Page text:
Beyond minor changes we are extremely happy with how the yeast and grist worked, and that they have given us a solid backbone to work with.
Water – Water and water treatment is the most important key in designing a beer. The hardness and ions found in water will greatly dictate the profile of the beer. You only have to look to how beer has developed regionally around the world to see this – compare a Burton ale with a Dublin stout or Czech Pilsen. (While we haven’t really got the space here to go into full water treatment, for anyone interested I highly recommend the section on water in Designing Great Beers by Ray Daniels, first published in 1996, and Water: A Comprehensive Guide for Brewers by John J. Palmer and Colin Kaminski.)
With our Brut IPAs we use salts to help create the mouthfeel and body that we lose from having no sugars, thus allowing our Bruts to be very dry and drinkable, yet still hold an enigmatic hop profile.
Hops – Unlike the high IBU and incredibly balanced West Coast IPAs, Brut IPAs have no sugar to balance hops on. We’ve solved the problem of body by looking into the water profile, so we’re not ending up with a fizzy hopped water, but what about bitterness? How do we balance bitterness without sweetness an interesting question, and the solution was strangely simple, we don’t. We brew this like a New England IPA with high impact hops but no bitterness. A small aroma charge to give the lightest hint at bitterness and a foundation for later hops to stand on. With this in mind we added no bittering charge, a tiny aroma charge of very low alpha hops, and a huge dry hop charge, leading to great aroma with little bitterness.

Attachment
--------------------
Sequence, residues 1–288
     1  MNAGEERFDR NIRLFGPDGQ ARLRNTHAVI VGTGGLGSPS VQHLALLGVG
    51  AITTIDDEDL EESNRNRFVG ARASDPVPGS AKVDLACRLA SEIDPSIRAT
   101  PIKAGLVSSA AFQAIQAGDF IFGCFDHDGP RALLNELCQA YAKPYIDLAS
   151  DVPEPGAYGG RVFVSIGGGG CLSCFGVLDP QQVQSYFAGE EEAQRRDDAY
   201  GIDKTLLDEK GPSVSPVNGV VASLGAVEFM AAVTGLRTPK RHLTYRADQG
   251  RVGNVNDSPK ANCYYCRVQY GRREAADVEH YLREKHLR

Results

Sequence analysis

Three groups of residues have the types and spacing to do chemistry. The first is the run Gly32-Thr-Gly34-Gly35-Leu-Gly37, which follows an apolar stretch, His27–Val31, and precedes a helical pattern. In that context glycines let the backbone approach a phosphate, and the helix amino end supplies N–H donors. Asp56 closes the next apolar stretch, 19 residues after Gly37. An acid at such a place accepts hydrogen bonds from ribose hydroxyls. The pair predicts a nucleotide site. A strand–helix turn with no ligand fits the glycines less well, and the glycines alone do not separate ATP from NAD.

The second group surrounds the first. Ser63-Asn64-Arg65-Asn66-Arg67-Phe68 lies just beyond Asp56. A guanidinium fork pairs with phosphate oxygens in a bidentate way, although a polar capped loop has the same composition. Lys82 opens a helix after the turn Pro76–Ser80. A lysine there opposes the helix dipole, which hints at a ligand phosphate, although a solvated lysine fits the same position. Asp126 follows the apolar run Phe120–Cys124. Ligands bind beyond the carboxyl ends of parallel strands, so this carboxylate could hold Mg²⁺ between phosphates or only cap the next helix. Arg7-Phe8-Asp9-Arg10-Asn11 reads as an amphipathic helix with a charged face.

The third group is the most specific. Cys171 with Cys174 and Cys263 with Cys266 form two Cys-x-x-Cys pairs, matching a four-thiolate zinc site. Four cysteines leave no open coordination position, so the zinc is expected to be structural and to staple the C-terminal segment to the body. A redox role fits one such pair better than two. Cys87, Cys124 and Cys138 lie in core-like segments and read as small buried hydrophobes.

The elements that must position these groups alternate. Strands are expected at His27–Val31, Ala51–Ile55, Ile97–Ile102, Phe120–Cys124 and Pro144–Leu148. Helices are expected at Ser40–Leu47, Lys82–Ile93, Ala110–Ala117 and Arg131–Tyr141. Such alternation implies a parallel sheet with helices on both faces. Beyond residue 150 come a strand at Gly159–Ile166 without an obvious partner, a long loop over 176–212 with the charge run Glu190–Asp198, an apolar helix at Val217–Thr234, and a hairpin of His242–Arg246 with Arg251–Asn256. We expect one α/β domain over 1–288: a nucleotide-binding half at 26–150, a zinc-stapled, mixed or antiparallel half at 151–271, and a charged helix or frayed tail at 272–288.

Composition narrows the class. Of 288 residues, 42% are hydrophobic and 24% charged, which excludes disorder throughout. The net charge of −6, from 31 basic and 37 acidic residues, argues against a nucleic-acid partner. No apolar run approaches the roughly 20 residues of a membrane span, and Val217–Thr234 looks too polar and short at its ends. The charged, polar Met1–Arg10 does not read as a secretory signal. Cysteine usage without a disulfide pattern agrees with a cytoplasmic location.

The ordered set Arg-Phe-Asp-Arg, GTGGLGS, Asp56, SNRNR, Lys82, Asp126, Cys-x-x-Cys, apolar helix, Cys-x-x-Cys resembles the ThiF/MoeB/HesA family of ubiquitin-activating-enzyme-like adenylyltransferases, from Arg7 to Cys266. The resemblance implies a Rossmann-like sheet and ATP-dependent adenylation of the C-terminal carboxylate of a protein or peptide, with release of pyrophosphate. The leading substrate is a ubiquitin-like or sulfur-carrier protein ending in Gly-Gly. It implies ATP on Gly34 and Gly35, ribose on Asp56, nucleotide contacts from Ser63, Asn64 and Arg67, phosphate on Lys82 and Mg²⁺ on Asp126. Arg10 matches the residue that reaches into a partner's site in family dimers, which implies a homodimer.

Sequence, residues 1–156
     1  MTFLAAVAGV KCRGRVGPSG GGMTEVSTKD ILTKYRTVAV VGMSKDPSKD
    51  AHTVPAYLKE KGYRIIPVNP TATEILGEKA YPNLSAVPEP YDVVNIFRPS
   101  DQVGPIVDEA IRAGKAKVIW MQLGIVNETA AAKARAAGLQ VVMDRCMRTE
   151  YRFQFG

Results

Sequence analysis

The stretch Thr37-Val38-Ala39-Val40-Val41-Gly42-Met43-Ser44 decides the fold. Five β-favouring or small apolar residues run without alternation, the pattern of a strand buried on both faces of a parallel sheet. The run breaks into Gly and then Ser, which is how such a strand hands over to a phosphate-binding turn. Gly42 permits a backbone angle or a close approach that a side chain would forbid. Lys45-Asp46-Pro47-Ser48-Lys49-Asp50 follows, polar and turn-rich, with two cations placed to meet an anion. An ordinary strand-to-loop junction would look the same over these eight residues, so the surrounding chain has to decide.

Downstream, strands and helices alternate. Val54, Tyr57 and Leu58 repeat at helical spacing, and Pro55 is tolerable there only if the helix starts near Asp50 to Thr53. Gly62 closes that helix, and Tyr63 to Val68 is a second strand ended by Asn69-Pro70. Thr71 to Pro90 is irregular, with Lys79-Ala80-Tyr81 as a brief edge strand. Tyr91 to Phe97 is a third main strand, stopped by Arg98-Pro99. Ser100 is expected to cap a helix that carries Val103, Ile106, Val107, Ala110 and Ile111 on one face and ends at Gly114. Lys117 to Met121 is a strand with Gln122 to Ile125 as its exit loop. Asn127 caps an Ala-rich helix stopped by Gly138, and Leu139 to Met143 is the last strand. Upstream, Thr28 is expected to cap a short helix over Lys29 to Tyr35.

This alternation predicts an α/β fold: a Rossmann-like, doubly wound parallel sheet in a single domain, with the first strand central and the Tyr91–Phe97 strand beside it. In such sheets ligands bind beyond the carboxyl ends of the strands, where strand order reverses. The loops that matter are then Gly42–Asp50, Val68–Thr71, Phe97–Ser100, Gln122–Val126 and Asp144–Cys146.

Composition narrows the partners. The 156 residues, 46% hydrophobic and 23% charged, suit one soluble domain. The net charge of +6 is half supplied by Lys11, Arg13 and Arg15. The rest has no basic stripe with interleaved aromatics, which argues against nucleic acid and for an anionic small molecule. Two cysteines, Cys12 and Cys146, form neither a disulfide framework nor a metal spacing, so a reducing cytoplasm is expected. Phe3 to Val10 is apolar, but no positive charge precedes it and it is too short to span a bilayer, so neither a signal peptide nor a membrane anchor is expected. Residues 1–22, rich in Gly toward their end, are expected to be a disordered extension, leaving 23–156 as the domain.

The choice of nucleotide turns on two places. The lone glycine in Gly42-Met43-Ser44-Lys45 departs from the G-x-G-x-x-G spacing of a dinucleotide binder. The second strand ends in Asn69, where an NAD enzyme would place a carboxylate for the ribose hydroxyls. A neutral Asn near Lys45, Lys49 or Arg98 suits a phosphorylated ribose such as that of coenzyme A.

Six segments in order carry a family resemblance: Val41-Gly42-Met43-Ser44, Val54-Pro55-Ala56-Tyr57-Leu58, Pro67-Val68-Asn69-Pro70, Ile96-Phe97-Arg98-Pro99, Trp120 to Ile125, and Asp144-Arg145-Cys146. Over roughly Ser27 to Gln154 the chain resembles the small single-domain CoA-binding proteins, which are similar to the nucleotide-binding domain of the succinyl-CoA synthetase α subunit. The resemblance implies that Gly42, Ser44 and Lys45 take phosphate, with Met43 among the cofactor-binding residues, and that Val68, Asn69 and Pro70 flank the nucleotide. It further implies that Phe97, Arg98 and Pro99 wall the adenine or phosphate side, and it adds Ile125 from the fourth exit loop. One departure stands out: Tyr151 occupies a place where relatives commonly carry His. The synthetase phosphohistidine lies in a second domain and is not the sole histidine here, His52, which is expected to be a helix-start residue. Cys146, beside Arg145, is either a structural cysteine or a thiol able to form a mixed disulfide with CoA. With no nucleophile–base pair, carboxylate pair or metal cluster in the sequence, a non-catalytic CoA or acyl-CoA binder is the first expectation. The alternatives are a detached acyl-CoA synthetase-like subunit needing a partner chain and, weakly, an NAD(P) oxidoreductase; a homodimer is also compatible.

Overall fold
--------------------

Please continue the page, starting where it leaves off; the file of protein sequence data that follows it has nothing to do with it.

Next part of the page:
Adjuncts – To create a Brut IPA an additional enzyme (glucoamylase) is used to hydrolyse any complex sugars yeast cannot break down itself, thus allowing for complete fermentation. Different breweries will uses different brands of this enzyme and you can add it at various stages. This type of enzyme is nothing new to brewing: diastatic enzymes are present in barley and it’s the basis of mashing. And the application of extracted enzymes isn’t new either (think low carb beers) it is simply the application of it that is allowing the progression of this style.
Extremely drinkable, like a crisp white wine, Guillotine, our 7.1% Brut IPA was first brewed for Manchester Beer Week’s Evolution of IPA event, and is bone dry with a density below that of water. With Huell Melon (DE) and Hallertau Blanc (DE) as dominant hops with a sprinkling of Nelson Sauvin (NZ) to bring them together, and to accentuate the blackcurrant, gooseberry, melon, and fresh herbal notes of New World wines. Moving forward we can’t wait experiment further with some of our favourite hop combinations, looking at influences from New England hop bills, to those that we use in our bitters, west coast beers, and beyond. Flying Triangle Brut IPA will be picking up where Guillotine left off, with a big hop aroma, crisp body, and sparkling drinkability.